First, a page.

“EMBA, in a very intense way, allows you to learn everything that has to do with business. It covers the whole sector,” El Araby says, appreciating the holistic thinking approach he acquired from the program and adds, “After completing this one-and-a-half-year program, it was like the massive puzzle in front of me was finally assembled in one coherent, specific piece. I had a clearer, deeper understanding of how exactly the work process goes, and this made me feel empowered and more in control of my job,” he said. Several other executives in El Araby group joined later rounds of the EMBA to broaden their horizons, bringing knowledge and ideas to themselves and the company.
Unfortunately, this isn’t always the case for employees, even those working in large corporates. For many employees who want to grow, taking a course or a master’s degree (which is often a pre-requisite for job promotion) is something they have to bear the financial burden of alone. They also have to find ways they can fit their new learning goal into their jammed work schedules and busy lives outside their company’s working hours.
What is the reason that some employers do not prioritize providing training, educational opportunities, and relevant courses for employees with potential? Rasha Abul Nasr answers by saying that there is no excuse. “Many employers claim under false pretense that the lack of funds is their problem, but the truth is there are thousands of free, reliable platforms out there that provide everything an employer needs to upskill and reskill their employees. Often times, employees aren’t even aware of the skills they need to work on, so they end up taking irrelevant courses or going in a generally wrong direction. This is all because of the lack of guidance that a company itself should provide for its employees,” Abul Nasr said.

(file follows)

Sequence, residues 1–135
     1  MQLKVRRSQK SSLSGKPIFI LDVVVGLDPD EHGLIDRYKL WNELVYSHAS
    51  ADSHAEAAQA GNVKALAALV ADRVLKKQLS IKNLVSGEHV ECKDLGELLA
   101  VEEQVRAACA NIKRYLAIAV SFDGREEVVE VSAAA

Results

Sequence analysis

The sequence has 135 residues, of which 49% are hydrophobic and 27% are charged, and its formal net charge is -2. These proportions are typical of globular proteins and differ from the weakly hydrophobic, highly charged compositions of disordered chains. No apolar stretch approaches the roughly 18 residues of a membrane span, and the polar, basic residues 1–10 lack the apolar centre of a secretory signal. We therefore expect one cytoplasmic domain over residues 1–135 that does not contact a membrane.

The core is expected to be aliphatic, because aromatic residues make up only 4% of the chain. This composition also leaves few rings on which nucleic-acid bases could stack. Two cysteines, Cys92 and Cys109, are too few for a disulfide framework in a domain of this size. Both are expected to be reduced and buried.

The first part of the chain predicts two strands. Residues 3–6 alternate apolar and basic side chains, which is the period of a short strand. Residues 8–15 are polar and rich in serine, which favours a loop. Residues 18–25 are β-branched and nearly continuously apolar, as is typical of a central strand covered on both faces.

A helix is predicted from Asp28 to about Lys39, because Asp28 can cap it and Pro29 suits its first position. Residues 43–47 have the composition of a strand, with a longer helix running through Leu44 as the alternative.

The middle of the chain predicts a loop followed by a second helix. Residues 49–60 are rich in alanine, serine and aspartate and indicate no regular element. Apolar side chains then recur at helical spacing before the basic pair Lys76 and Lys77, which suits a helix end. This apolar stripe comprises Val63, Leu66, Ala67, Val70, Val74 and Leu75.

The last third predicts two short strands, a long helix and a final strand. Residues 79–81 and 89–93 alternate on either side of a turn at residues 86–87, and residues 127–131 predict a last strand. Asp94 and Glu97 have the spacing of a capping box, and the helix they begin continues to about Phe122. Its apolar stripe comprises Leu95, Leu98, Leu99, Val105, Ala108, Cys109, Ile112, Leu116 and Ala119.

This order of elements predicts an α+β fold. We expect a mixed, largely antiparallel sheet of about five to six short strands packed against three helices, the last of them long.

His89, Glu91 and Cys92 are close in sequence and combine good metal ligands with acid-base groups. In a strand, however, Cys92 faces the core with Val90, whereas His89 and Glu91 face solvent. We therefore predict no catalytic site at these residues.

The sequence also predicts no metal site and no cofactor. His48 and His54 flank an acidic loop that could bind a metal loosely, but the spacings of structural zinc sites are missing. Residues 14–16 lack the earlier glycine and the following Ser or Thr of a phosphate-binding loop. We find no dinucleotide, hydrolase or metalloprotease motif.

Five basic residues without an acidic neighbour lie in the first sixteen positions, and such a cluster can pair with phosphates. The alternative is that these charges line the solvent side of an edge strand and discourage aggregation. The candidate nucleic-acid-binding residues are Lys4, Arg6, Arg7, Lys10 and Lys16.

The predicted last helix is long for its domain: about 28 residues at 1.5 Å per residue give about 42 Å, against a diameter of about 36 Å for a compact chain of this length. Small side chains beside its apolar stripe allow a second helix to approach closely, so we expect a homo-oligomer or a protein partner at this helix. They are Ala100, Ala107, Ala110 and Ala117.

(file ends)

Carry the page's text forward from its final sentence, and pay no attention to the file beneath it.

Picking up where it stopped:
In a report titled “Great Attrition or Great Attraction?” on attracting and retaining talents in a company, the global management consulting firm McKinsey and Company, a global management consulting firm, said that attracting talent in 2022 is a difficult process, but keeping them can be even harder. “These new employees may leave without the opportunity to grow. Our research shows that a primary driver of quitting is that employees do not have opportunities to learn new things or find their work interesting or challenging. Similarly, research shows that turnover is significantly less likely when employees have internal mobility,” McKinsey and Company’s report said.
In this day and time, employees are more aware than ever of the importance of being treated fairly instead of being consumed by the entity they work for, be it a small startup or a large corporate. “Employees seek to work with leaders not just bosses, and leaders adopt personalized approaches with their subordinates. When you sit with your team, the first thing you have to do is look at your employees’ development. This makes them feel part of a team. They become more excited, dedicated, energized, and satisfied with their job, and that’s a recipe for success,” Abul Nasr said.
To learn more about the Executive MBA program, click here.